BBC World Service - The Food Chain, The Food Pilgrims - "Frequently the tourism industry, in order to attract food tourists, focuses on finding dishes or ingredients or ways of eating that are very different and considered very exotic. That frequently that exoticises the whole culture. It takes foods that are not necessarily the most representative foods of a culture but because it's different, for the tourist that's the food that's highlighted. A good example of that is you go to Peru and have llama meat. It is something that is eaten occasionally in Peru but the restaurants that are catering to tourists, it's featured on their menu. So now people are thinking the national food of Peru is llama...
The curry in France was always a little bit toned down and a little bit boring maybe for British tastes and then he kept on joking that one day he was going to deliver me a curry to France and I thought well if we're going to do it it might be quite fun to do it by air"

BBC World Service - The Food Chain, The New Animals - "[On GMO salmon] Ronald says his fish need twenty five percent less feed to grow to the same size as traditional Atlantic salmon. And because it can be farmed in land based facilities built close to major cities, the carbon footprint of his products will be much lower"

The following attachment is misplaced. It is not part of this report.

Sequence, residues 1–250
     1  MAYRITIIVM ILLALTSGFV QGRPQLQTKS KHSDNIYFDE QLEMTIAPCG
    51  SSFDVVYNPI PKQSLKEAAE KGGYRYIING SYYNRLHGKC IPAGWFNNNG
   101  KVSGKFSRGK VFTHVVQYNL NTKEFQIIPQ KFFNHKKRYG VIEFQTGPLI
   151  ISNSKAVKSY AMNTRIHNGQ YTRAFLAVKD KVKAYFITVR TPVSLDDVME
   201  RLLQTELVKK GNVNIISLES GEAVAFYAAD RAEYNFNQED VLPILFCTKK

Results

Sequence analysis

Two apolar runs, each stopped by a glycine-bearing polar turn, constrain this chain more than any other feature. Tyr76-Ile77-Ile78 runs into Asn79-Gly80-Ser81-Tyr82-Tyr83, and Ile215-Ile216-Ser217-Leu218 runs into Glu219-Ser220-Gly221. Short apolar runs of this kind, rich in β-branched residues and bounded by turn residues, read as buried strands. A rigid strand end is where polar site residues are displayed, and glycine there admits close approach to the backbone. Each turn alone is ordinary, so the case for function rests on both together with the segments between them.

Sweden’s violent reality is undoing a peaceful self-image - "Sweden... is also increasingly associated with a rising number of Islamic State recruits, bombings and hand grenade attacks. In a period of two weeks earlier this year, five explosions took place in the country... In a country long renowned for its safety, voters cite “law and order” as the most important issue ahead of the general election in September. The topic of crime is sensitive, however, and debate about the issue in the consensus-oriented Scandinavian society is restricted by taboos. To understand crime in Sweden, it’s important to note that Sweden has benefited from the West’s broad decline in deadly violence, particularly when it comes to spontaneous violence and alcohol-related killings. The overall drop in homicides has been, however, far smaller in Sweden than in neighboring countries... Sweden has gone from being a low-crime country to having homicide rates significantly above the Western European average. Social unrest, with car torchings, attacks on first responders and even riots, is a recurring phenomenon. Shootings in the country have become so common that they don’t make top headlines anymore, unless they are spectacular or lead to fatalities... The rising levels of violence have not gone unnoticed by Sweden’s Scandinavian neighbors. Norwegians commonly use the phrase “Swedish conditions” to describe crime and social unrest. The view from Denmark was made clear when former President of NATO and Danish Prime Minister Anders Fogh Rasmussen said in an interview on Swedish TV: “I often use Sweden as a deterring example.”... During a visit to the White House in March, Sweden’s Prime Minister Stefan Löfven admitted that his country has problems with crime and specifically shootings, but denied the existence of no-go zones... The head of the paramedics’ union Ambulansförbundet, Gordon Grattidge, and his predecessor Henrik Johansson recently told me in an interview that some neighborhoods are definitely no-go for ambulance drivers — at least without police protection... When the Swedish government and opposition refer to the country as a “humanitarian superpower” because it opened its doors to more immigrants per capita during the migrant crisis than any other EU country, they mean it. This has resulted in some impressive contortions. In March, Labor Market Minister Ylva Johansson appeared on the BBC, where she claimed that the number of reported rapes and sexual harassment cases “is going down and going down and going down.” In fact, the opposite is true, which Johansson later admitted in an apology... After repeated attacks against Jewish institutions in December — including the firebombing of a synagogue in Gothenburg — Bildt took to the same paper to claim that anti-Semitism is not a major problem in Sweden... One “false claim” listed by the government is that “Not long ago, Sweden saw its first Islamic terrorist attack.” This is surprising, since the Uzbek jihadist Rakhmat Akilov has pleaded guilty to the truck ramming that killed five people in Stockholm last April and swore allegiance to the Islamic State prior to the attack. Akilov, who is currently standing trial, has proudly repeated his support for ISIS and stated that his motive was to kill Swedish citizens. He also had documented contacts with international jihadis... the British and Canadian foreign ministries issued travel advice about the country, citing gang crime and explosions"